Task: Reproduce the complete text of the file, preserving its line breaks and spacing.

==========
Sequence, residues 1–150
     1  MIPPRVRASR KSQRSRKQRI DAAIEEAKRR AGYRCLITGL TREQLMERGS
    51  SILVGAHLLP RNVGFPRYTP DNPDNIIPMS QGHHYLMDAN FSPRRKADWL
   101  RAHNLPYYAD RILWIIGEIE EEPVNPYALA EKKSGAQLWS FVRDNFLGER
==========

Sequence, residues 1–150
     1  MIPPRVRASR KSQRSRKQRI DAAIEEAKRR AGYRCLITGL TREQLMERGS
    51  SILVGAHLLP RNVGFPRYTP DNPDNIIPMS QGHHYLMDAN FSPRRKADWL
   101  RAHNLPYYAD RILWIIGEIE EEPVNPYALA EKKSGAQLWS FVRDNFLGER